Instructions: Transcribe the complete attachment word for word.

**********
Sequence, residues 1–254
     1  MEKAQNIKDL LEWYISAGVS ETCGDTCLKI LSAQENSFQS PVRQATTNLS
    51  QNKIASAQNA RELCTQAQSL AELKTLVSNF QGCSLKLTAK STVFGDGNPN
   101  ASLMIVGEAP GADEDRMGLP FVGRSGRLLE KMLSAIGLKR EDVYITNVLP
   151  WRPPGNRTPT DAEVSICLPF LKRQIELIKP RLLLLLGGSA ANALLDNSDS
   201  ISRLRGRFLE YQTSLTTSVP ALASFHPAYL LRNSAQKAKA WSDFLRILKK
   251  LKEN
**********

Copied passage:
Sequence, residues 1–254
     1  MEKAQNIKDL LEWYISAGVS ETCGDTCLKI LSAQENSFQS PVRQATTNLS
    51  QNKIASAQNA RELCTQAQSL AELKTLVSNF QGCSLKLTAK STVFGDGNPN
   101  ASLMIVGEAP GADEDRMGLP FVGRSGRLLE KMLSAIGLKR EDVYITNVLP
   151  WRPPGNRTPT DAEVSICLPF LKRQIELIKP RLLLLLGGSA ANALLDNSDS
   201  ISRLRGRFLE YQTSLTTSVP ALASFHPAYL LRNSAQKAKA WSDFLRILKK
   251  LKEN